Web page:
Articles | Volume 27, issue 2
12 Feb 2009
 | 12 Feb 2009

Titan's plasma environment during a magnetosheath excursion: Real-time scenarios for Cassini's T32 flyby from a hybrid simulation

S. Simon, U. Motschmann, G. Kleindienst, J. Saur, C. L. Bertucci, M. K. Dougherty, C. S. Arridge, and A. J. Coates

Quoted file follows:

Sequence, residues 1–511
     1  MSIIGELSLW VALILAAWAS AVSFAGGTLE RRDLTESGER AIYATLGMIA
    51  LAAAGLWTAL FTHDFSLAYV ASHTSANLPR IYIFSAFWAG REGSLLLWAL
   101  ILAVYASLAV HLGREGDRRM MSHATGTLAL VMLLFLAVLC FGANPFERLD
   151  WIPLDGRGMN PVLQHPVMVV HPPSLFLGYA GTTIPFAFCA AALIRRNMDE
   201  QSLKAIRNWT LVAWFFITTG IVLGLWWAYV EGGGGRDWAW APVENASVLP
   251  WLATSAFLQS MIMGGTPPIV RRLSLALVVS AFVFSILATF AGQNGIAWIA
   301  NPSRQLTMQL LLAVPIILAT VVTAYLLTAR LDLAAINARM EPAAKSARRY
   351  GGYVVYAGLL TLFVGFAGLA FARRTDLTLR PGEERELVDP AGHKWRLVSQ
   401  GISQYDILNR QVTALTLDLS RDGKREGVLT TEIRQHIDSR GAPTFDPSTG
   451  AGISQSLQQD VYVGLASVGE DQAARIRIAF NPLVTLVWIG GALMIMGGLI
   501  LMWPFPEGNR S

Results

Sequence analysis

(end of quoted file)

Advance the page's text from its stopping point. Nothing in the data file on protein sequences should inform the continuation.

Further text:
Abstract. With a Saturnian magnetopause average stand-off distance of about 21 planetary radii, Titan spends most of its time inside the rotating magnetosphere of its parent planet. However, when Saturn's magnetosphere is compressed due to high solar wind dynamic pressure, Titan can cross Saturn's magnetopause in the subsolar region of its orbit and therefore to interact with the shocked solar wind plasma in Saturn's magnetosheath. This situation has been observed during the T32 flyby of the Cassini spacecraft on 13 June 2007. Until a few minutes before closest approach, Titan had been located inside the Saturnian magnetosphere. During the flyby, Titan encountered a sudden change in the direction and magnitude of the ambient magnetic field. The density of the ambient plasma also increased dramatically during the pass. Thus, the moon's exosphere and ionosphere were exposed to a sudden change in the upstream plasma conditions. The resulting reconfiguration of Titan's plasma tail has been studied in real-time by using a three-dimensional, multi-species hybrid simulation model. The hybrid approximation treats the electrons of the plasma as a massless, charge-neutralizing fluid, while ion dynamics are described by a kinetic approach. In the simulations, the magnetopause crossing is modeled by a sudden change of the upstream magnetic field vector as well as a modification of the upstream plasma composition. We present real-time simulation results, illustrating how Titan's induced magnetotail is reconfigured due to magnetic reconnection. The simulations allow to determine a characteristic time scale for the erosion of the original magnetic draping pattern that commences after Titan has crossed Saturn's magnetopause. Besides, the influence of the plasma composition in the magnetosheath on the reconfiguration process is discussed in detail. The question of whether the magnetopause crossing is likely to yield a detachment of Titan's exospheric tail from the satellite is investigated as well.